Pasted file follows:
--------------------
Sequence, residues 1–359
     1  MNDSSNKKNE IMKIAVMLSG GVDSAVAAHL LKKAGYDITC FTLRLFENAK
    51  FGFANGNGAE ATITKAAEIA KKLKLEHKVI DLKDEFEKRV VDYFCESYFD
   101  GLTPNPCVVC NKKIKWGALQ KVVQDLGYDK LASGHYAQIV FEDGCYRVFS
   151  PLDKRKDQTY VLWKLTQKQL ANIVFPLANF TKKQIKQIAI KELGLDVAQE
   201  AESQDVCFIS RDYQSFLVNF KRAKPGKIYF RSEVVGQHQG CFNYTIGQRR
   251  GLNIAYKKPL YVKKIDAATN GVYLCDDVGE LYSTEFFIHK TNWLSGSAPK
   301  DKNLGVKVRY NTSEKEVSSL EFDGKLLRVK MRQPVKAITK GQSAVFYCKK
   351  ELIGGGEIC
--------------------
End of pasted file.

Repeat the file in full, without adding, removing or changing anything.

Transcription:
Sequence, residues 1–359
     1  MNDSSNKKNE IMKIAVMLSG GVDSAVAAHL LKKAGYDITC FTLRLFENAK
    51  FGFANGNGAE ATITKAAEIA KKLKLEHKVI DLKDEFEKRV VDYFCESYFD
   101  GLTPNPCVVC NKKIKWGALQ KVVQDLGYDK LASGHYAQIV FEDGCYRVFS
   151  PLDKRKDQTY VLWKLTQKQL ANIVFPLANF TKKQIKQIAI KELGLDVAQE
   201  AESQDVCFIS RDYQSFLVNF KRAKPGKIYF RSEVVGQHQG CFNYTIGQRR
   251  GLNIAYKKPL YVKKIDAATN GVYLCDDVGE LYSTEFFIHK TNWLSGSAPK
   301  DKNLGVKVRY NTSEKEVSSL EFDGKLLRVK MRQPVKAITK GQSAVFYCKK
   351  ELIGGGEIC